ENTRIES TAGGED "Nook"

Reverse showrooming

Improving the B&N shopping experience with...the Amazon mobile app

This past weekend a friend asked me to pick up a couple of books for them. Print books, btw, and they needed them later that day. That meant it was time to head to a local bookstore, something I’m doing less and less of these days.

B&N was the closest and when I walked in I immediately realized why online shopping sometimes offers such a better experience than in-person. My local B&N moved all their categories around from the last time I was there and I must have circled the entire store three or four times just to find the two books I needed.

Then there’s the reviews and top-seller lists I’m so used to seeing online. They don’t exist in the brick-and-mortar world, so I decided it was time to do some reverse showrooming.

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Automated ebook summaries

Here's one way B&N could distinguish Nook from other platforms

Yesterday I wrote about the opportunity to rethink the used book in the digital world. One option I suggested is for the community to create summaries of ebooks and sell them as bundles with the original work. Now I’m thinking about how the summary process could be automated and built into the ereader app.

I recently discovered a Chrome plug-in called CruxLight which highlights the key elements of a web page. If you’re pressed for time and just want to quickly scan the page CruxLight helps you out by highlighting the important pieces and providing a list of keywords.

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Publishing News: B&N is at a “fork in the road”

B&N's dismal earnings call, fine-tuning paywalls, and German booksellers launch an ereader.

B&N, analysts respond to Nook losses

Nook_DigitalShopHeadline news this week was the dismal Nook news from Barnes & Noble’s earnings call on Thursday. The news wasn’t unexpected — Leslie Kaufman reported at the New York Times on Sunday that B&N warned it expected “losses in its Nook Media division” and she quoted a source “familiar with Barnes & Noble’s strategy” as saying, “They are not completely getting out of the hardware business, but they are going to lean a lot more on the comprehensive digital catalog of content.” A B&N spokesperson assured John Cook at GeekWire, “To be clear, we have no plans to discontinue our award-winning line of Nook products.”

Cyrus Farivar reported at ArsTechnica that, on Monday, Leonard Riggio, B&N’s largest shareholder, offered to buy the company — minus the Nook and college bookstore divisions — and take it private, causing B&N’s stock price to rise 11% that day.

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Why B&N should abandon hardware

They should focus instead on reader experience and new content sales models

The ebook retailing business consists of three elements: hardware, content, and selling model. Dedicated e-readers (think eInk devices) are losing momentum to tablets. Content is mostly quick-and-dirty print-to-e conversions, or “paper under glass”, if you will. The typical selling model is to buy one ebook at a time. Pretty simple. And not a whole lot of innovation happening in any of the three areas by the major players.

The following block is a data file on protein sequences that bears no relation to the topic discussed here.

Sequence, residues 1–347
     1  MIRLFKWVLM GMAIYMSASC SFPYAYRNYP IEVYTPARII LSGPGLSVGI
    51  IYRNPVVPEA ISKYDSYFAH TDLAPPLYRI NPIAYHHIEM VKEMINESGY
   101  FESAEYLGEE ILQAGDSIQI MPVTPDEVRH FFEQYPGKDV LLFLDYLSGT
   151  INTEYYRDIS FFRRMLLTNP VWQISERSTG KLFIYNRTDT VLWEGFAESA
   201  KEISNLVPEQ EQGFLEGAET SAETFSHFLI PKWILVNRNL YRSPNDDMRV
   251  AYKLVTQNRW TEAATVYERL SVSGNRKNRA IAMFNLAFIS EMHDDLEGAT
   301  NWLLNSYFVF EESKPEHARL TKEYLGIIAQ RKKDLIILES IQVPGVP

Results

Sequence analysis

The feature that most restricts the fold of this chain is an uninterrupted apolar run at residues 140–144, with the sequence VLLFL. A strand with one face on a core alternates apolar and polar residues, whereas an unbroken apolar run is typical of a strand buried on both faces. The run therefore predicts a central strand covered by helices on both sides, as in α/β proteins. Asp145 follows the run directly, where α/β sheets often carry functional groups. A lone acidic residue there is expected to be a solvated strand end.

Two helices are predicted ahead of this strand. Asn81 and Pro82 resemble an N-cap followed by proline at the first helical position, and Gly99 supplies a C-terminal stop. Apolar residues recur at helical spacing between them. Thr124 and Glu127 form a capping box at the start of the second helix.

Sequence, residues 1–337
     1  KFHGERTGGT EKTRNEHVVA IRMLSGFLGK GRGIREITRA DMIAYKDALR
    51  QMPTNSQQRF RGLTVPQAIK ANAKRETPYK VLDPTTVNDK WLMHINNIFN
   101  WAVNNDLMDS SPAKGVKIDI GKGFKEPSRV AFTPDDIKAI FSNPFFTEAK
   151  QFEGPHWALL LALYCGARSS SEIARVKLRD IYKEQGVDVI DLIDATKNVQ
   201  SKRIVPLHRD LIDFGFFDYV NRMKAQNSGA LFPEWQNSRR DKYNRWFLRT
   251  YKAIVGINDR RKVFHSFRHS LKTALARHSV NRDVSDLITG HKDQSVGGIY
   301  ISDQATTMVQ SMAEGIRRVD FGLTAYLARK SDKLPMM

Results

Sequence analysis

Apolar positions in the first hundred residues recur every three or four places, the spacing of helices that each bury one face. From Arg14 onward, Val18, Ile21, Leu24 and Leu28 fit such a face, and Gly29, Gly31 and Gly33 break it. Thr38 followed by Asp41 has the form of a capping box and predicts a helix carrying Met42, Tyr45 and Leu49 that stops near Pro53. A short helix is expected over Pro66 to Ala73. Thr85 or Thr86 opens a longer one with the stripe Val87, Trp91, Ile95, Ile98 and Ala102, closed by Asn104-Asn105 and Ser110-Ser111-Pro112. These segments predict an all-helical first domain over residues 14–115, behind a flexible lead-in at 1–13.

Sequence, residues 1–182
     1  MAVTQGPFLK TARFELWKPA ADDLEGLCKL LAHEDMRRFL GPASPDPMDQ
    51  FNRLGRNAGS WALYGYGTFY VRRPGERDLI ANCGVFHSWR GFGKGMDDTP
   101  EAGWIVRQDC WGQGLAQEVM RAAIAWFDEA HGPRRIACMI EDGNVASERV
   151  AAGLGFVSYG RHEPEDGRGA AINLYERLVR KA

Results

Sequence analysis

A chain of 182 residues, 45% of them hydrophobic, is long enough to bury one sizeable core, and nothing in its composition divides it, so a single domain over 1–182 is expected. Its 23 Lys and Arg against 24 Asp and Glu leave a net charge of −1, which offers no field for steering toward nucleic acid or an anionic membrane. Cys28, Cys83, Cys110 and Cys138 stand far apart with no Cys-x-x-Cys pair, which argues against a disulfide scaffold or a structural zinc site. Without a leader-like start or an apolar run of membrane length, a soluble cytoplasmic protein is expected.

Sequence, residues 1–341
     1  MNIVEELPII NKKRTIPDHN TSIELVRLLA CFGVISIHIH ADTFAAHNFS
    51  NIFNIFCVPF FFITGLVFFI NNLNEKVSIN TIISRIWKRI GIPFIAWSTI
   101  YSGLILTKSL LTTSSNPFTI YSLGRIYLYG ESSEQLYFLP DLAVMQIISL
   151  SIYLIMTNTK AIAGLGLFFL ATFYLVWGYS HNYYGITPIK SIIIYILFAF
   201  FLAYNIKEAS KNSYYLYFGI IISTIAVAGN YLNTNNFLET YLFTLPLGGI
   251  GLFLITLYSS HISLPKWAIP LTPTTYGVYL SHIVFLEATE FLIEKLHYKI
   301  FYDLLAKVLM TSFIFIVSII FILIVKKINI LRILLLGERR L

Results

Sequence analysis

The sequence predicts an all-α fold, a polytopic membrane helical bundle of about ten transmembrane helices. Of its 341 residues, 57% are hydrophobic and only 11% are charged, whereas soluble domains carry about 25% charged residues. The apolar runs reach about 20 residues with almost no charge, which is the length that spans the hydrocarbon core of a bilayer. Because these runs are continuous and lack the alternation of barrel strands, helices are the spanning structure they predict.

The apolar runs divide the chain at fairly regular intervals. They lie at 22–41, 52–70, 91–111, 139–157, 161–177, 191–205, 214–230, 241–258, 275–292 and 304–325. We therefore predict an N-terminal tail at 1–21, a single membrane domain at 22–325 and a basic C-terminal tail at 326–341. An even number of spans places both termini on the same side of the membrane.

Recently there’s been speculation that B&N is about to ditch the hardware part of their Nook business and focus instead on content and licensing. If true, that’s probably the wisest thing I’ve heard from Riggio & Co. in a long time. Hardware has been, and will increasingly become more of, a fool’s game for B&N.

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O’Reilly’s journey to EPUB 3

Upgrading to EPUB 3 is not a trivial undertaking

We at O’Reilly are very pleased to announce that we have officially upgraded to EPUB 3, and ebook bundles purchased from oreilly.com will now include EPUB 3 files, in addition to Mobi and PDF files. All O’Reilly ebooks released in 2013 are now available in EPUB 3 format, and in the coming weeks, we will be updating and rereleasing our backlist ebooks in EPUB 3 as well.

But while we’re excited to share this news, this article is not merely a press release. The decision of when and how to upgrade to EPUB 3 has been challenging for many in the publishing community, and it has been a long journey for O’Reilly as well. I’d like to talk more about why we chose to take this step now, what additional value we believe EPUB 3 provides to our customers, and the challenges and tradeoffs we’ve tackled in making our EPUBs backward compatible with EPUB 2 platforms.

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B&N sorely needs to make a mark

The Nook price reduction may not be too late, but it's most certainly too little.

Ahead of its 7-inch Nook HD and 9-inch HD+ release this week, B&N has reduced the price of its Nook Color and Nook tablets. The Nook Color dropped $10 to $139, and the tablets dropped $20 to $179 for the 16GB model and $159 for the 8GB model. The price reduction might make a tiny wave for advertising purposes for a few days, and it brings the Nook pricing more in line with Kindle pricing Amazon already had, but $10-$20 is hardly going to leave a mark on the tablet market — and B&N sorely needs to make a mark at this point.